Home Jazz Mike Lang is dead: the famous pianist was 80 years old

Mike Lang is dead: the famous pianist was 80 years old


Mike Lang, one of the most prominent pianists in Hollywood history, died of lung cancer Friday morning at his home in Studio City. He was 80 years old.

Lang played piano (or organ, harpsichord, or celestial) on approximately 2,000 film and television scores dating back to the mid-1960s, including scores by virtually every major film composer of the past 50 years: John Williams (“Close Encounters of the Third Kind”, “Catch Me If You Can”), Jerry Goldsmith (“Gremlins”, “The Russia House”), John Barry (“Body Heat”, “The Specialist” ), Henry Mancini (“10”), Alex North (“The Fisherman’s Shoes”), Elmer Bernstein (“The Rainmaker”), Miklós Rózsa (“The Dead Don’t Wear Plaids”) and many more .

Composer Lalo Schifrin (“Mission: Impossible”) was among Lang’s early champions in Hollywood, adding Lang’s piano to what eventually became award-winning Paul Horn’s album “Jazz Suite on the Mass Texts.” a Grammy, in 1965. Lang played piano for Schifrin on dozens of subsequent albums and film scores, including Oscar-nominated “The Competition” and “The Sting II.”

Lang has also played for composers such as James Newton Howard (“Glengarry Glen Ross”, “Lady in the Water”), Alan Menken (“The Little Mermaid”, “Aladdin”), Marc Shaiman (“City Slickers”), John Debney (“Dreamer”), Hans Zimmer (“As Good As It Gets”, “Pearl Harbor”), Randy Newman (“Toy Story”, “Secretariat”), Danny Elfman (“Batman Returns”), Bill Conti ( “The Right Stuff”) and Clint Eastwood (“The Bridges of Madison County”), among others.

Composer Howard, also a pianist, told Variety“Mike was a dear friend, colleague and teacher, endowed with monumental talent. Anyone who knew him would agree that there has never been a more graceful, humble and brilliant musician – a musician’s musician.

Ralph Grierson, another studio pianist, recalled the days of the late ’60s and early ’70s “when there was a plethora of new keyboard instruments, sometimes a new one every week. Hollywood being Hollywood, everyone wanted the newest and hippest sound. Mike and I used to joke that “earn by learning” because we’d come to the studio, find an instrument we’d never seen before, and be expected to perform immediately. As a player he was one of the best; more importantly, he was a great musician. I am honored to have been Mike’s colleague and friend.

Lang’s hundreds of TV credits as a keyboardist ranged from ‘The Waltons’ and ‘Kung Fu’ in the 1970s to later shows such as ‘Amazing Stories’, ‘The Simpsons’, ‘Frasier’, ‘Penny Dreadful’. , “Family Guy”, “American Dad” and “The Orville”.

Interviewed last year for the “Legacy of John Williams” podcast, Lang reflected on his process: “The music itself tells me how to relate to it. I have a sound in my head. I play as an improviser, even if I play Beethoven. I hear the music as if it were in Beethoven’s head. When I match it, so the real sound comes out of the piano and it matches [what’s in] my head, the piano disappears. It is a facilitator for me. The last thing on my mind is, “I’m a pianist.” I try to make the music breathe, to be vocal and expressive, and to that end the piano loses its identity.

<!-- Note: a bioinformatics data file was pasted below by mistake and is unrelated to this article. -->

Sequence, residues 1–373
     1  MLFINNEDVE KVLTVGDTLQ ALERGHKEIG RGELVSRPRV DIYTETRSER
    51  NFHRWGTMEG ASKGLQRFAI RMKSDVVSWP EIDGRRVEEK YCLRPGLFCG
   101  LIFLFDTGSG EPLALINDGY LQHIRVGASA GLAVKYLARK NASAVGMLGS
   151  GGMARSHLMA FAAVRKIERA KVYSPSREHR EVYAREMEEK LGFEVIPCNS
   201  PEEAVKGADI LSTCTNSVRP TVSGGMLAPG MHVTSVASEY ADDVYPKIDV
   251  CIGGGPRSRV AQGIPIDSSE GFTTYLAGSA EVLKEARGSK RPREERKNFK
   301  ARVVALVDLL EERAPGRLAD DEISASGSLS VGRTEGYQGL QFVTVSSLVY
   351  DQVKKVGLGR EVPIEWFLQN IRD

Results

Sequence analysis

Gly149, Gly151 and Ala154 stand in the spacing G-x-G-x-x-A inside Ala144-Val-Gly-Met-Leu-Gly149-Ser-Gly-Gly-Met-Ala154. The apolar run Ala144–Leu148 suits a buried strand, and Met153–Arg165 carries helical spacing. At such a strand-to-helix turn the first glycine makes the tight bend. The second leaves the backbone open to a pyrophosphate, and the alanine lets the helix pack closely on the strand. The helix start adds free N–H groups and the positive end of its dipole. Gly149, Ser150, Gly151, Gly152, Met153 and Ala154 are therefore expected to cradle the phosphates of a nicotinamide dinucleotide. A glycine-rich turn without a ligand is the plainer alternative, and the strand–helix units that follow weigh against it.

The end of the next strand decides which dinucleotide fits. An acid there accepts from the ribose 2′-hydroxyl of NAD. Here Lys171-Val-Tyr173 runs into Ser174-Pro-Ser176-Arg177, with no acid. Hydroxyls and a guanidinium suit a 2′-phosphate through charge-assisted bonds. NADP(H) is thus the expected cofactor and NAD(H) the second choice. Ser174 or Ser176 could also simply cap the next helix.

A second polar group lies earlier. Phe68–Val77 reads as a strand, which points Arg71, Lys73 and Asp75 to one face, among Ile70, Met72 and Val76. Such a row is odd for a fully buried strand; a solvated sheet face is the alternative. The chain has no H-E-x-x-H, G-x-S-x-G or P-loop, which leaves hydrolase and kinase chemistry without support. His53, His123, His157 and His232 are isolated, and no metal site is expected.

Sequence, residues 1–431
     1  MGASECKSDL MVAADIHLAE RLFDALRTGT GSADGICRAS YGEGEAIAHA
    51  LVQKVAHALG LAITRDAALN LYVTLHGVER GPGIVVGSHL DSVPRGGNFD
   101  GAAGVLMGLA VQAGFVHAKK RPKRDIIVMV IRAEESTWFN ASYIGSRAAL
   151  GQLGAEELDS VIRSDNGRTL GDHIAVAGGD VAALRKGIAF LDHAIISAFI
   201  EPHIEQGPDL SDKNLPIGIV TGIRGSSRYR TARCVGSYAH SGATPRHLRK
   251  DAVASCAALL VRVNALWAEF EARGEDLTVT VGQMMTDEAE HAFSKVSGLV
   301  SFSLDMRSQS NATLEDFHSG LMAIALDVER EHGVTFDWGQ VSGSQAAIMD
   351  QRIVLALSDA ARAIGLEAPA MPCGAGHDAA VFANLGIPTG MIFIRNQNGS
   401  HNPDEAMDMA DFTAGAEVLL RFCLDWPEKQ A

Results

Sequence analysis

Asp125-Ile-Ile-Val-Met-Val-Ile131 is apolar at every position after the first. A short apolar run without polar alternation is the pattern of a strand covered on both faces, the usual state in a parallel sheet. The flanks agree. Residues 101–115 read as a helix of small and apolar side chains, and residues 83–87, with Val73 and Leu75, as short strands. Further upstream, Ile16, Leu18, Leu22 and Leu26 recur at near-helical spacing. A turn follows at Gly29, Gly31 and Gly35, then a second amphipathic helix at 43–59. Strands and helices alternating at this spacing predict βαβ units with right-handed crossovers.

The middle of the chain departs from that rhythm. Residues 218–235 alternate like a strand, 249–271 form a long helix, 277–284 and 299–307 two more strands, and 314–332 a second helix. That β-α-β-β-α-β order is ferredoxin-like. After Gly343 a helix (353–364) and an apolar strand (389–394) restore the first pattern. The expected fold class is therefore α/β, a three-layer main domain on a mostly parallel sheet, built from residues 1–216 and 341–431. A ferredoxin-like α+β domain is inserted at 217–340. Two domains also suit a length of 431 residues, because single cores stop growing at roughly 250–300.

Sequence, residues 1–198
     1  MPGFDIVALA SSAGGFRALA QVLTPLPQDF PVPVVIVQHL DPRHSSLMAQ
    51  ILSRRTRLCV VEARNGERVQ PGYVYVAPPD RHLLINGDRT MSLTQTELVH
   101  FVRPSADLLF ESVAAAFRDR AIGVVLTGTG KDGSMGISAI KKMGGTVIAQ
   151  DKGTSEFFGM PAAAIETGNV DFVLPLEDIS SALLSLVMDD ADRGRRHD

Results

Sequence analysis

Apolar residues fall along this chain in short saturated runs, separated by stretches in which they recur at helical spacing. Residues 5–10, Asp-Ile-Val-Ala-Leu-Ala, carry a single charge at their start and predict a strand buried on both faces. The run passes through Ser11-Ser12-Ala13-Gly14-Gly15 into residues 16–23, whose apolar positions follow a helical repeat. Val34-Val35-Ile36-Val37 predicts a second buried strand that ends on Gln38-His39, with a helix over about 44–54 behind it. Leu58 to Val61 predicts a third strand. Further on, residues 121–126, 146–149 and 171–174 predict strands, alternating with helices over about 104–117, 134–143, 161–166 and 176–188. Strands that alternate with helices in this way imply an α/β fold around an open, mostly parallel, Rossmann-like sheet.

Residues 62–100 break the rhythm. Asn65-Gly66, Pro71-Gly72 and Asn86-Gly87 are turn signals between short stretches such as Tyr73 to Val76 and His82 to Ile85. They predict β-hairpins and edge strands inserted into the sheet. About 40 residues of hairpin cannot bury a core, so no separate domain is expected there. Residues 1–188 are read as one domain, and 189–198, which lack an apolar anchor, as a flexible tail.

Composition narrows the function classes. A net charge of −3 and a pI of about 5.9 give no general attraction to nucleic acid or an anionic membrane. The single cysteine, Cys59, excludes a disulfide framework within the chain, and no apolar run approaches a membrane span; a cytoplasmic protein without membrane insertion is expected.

Lang knew every musical idiom and genre imaginable, a versatility that kept him in demand for pop and jazz albums as well. He played for Ray Charles, Natalie Cole, Ella Fitzgerald, Willie Nelson, Dionne Warwick, John Denver, Lionel Ritchie, Leonard Cohen, Aretha Franklin, Marvin Gaye, Vince Gill, NSYNC, Diana Krall, John Lennon, the Commodores, Peggy Lee , Johnny Mathis, Barbra Streisand and Frank Zappa.

He was born Michael Herbert Lang on December 10, 1941 in Los Angeles (but changed his name, several years later, to Michael Anthony Lang), the son of Jennings Lang, an agent who later became a producer of Universal films such as “Earthquake” and “Airport 1975”.

Mike Lang began piano lessons at age 4½ and eventually studied music with LA composers Leonard Stein and George Tremblay, studio pianist Pearl Kaufman, and Schifrin. He earned a music degree from the University of Michigan in 1963.

In addition to his studio work, Lang often performed at jazz clubs in the Los Angeles area, including Donte’s, Shelly’s Manne Hole, the Baked Potato and other venues. He then produced albums for his mother-in-law, singer-actress Monica Lewis, and in 1994 released his first solo album on the Varèse Sarabande label, a collection of Henry Mancini songs which he arranged and performed. entitled “Days of Wine and Roses”.

Lang briefly became a composer for Robert Forster’s 1986 film “Hollywood Harry” and over the years wrote songs for such jazz personalities as Stan Getz, Bob James, Lee Ritenour, Herb Alpert, Tom Scott and Dave Grusin. He has also premiered jazz piano concertos by Byron Olson and Brad Dechter.

In July 2019, he performed a sold-out concert of Piano Spheres at Colburn School’s Zipper Hall, which earned him a accolade from the LA Times: “one of LA’s great known unknowns, a pianist and composer who never t’s not often in the spotlight…Lang reminds us of the rarely recognized but significant intersection between contemporary music and Hollywood…the eye-opener here has been hearing our city’s musical identity in one voice.

Survivors include his partner, Deborah Pearl; ex-spouse Karen Lang; son Dave Lang, also a musician; a brother, producer-director Rocky Lang and a grandson Sunny.